They Were All 5 Born The Same Day, 1 Only a World Apart
We encounter the puzzled question often. “They were all four born on the same day?” We nod and wait for them to process it all, and are reminded that our “normal” is not so every day for most.
They share their birthday, it’s all they’ve known, and they seem pretty content with it all. So why not share it with another?
There is a boy named Jamali who also celebrates February 2, 2007, as the day that God gave him life on this earth. He resides on the other side of our globe in Tanzania, and came to our family on Mother’s Day. However, my heart for him started long ago.
Around the time Brad lost his job in October of 2009, the desire was placed on my heart to support a child through Compassion International. It got placed on the back burner for months as we waded through financial uncertainties, and then starting a business took our energy and resources. Month after month it just didn’t seem like the most opportune time to add another monthly expense.
Last October as I listened to Shaun Groves sing, my heart was stirring. I knew we could make sacrifices and make an impact on another life. I sent a text to Brad in the middle of the concert and let him know it was heavy on my heart.
Fast forward to May of this year, Brad and I were getting ready to head for bed, but before climbing the stairs to bed I read aloud this powerful post from Nester, who was traveling in Tanzania with Compassion. The next day we found Jamali. He shares the same exact birthday as our boys, although his life is worlds apart. He shares a small concrete floor with his family of six, and struggles in a country that is short on hope. His “need” list is vastly different from our “want” list. Perspective is a great lesson to learn as a five year old.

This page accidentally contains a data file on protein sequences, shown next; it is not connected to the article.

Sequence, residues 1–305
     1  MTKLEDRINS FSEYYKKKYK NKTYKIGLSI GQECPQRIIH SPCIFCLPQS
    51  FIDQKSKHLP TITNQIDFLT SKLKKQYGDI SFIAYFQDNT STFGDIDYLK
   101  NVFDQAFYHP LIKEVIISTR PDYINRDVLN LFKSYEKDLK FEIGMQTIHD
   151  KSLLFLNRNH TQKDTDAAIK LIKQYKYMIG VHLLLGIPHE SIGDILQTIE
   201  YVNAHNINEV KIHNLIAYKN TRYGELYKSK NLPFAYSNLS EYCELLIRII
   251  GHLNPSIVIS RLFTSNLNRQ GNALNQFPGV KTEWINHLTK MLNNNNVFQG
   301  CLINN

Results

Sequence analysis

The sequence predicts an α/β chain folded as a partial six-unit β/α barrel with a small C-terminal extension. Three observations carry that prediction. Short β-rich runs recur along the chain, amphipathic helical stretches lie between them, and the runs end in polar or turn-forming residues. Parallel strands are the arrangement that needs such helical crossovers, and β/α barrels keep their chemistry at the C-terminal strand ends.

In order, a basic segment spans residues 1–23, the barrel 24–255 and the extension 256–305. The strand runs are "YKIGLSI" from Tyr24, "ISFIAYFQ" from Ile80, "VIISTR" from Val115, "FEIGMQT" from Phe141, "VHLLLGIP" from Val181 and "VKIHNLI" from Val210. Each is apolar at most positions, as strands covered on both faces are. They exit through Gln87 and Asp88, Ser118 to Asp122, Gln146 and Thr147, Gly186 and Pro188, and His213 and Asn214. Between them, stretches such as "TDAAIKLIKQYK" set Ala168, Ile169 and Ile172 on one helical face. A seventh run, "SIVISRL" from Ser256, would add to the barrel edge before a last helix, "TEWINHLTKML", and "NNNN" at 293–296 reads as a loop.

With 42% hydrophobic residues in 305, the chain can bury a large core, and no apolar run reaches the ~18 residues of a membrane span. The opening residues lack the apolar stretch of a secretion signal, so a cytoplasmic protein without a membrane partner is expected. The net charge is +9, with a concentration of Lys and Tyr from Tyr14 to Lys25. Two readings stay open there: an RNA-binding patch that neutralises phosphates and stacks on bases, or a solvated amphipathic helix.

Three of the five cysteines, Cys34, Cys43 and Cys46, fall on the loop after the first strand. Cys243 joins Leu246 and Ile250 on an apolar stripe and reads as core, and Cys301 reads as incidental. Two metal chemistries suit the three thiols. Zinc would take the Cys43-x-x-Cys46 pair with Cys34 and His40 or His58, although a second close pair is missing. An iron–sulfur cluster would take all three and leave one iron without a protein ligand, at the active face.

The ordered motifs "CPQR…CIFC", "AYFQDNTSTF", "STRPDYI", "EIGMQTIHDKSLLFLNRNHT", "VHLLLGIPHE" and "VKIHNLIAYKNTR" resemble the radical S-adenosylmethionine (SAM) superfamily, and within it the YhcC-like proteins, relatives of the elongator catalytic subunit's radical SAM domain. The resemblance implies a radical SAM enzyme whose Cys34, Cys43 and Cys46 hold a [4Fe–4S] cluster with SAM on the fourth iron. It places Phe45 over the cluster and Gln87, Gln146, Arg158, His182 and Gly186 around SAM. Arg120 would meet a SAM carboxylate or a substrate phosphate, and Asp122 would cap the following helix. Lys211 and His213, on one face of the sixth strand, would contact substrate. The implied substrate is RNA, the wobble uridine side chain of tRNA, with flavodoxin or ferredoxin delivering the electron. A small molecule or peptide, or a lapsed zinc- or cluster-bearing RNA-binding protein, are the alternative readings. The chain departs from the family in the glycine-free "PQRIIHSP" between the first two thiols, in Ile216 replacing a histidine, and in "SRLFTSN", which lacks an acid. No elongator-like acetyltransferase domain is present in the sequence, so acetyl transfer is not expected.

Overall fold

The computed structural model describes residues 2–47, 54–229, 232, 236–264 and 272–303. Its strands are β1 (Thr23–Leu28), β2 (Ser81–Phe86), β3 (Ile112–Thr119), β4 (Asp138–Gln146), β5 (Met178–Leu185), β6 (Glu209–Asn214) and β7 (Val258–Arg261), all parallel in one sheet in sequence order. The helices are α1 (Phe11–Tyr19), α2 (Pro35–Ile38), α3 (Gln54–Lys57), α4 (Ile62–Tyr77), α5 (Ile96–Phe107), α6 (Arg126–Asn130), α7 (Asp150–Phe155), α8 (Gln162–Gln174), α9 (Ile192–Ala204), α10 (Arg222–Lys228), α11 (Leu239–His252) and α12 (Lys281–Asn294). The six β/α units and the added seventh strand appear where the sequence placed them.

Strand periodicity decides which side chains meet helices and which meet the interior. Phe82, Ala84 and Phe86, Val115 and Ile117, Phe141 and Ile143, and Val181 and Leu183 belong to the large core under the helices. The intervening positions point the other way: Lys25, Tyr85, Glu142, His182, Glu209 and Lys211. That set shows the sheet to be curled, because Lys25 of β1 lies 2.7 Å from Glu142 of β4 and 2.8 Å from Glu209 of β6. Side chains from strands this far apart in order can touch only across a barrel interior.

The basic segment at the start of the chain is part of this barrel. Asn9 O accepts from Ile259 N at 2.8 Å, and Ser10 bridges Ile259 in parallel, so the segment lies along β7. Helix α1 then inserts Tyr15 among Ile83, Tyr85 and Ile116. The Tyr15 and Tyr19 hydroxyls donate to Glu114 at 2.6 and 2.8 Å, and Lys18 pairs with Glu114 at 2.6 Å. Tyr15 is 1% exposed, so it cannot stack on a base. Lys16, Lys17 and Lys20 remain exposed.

We certainly can’t save the world, we can’t even save a life – that’s for Jesus, but our hearts are already changed through our love for Jamali and we hope that his heart will be changed as well. Through our small support and the outpouring of a ministry that shines in the lives of the impoverished, Jamali’s life will be different, and so will ours.
The boys take turns praying for him every night, his picture hangs in their room, and their first letter has words that read:
Oh how I long to teach these boys to love outside themselves! I hope that we live life far from “normal” or “average”. May we learn to love with brotherly affection and be a light to the world!
Are there sacrifices involved? Certainly. Is there blessing in the sacrifice? Absolutely. Can we save the world? Not even close. Do we have to? Nope. Are we called to love and provide for the needs of others? Indeed.
Five boys born on the same day. One a world apart who now has a serving of hope with his lunch.
And there goes a piece of my heart to Tanzania.